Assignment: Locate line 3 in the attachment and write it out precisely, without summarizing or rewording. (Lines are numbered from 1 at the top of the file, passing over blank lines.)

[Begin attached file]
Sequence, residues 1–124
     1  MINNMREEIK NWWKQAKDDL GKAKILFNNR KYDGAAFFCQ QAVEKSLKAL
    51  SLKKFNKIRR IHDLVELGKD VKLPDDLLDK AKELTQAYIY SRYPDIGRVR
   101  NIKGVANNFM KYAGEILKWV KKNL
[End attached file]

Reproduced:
    51  SLKKFNKIRR IHDLVELGKD VKLPDDLLDK AKELTQAYIY SRYPDIGRVR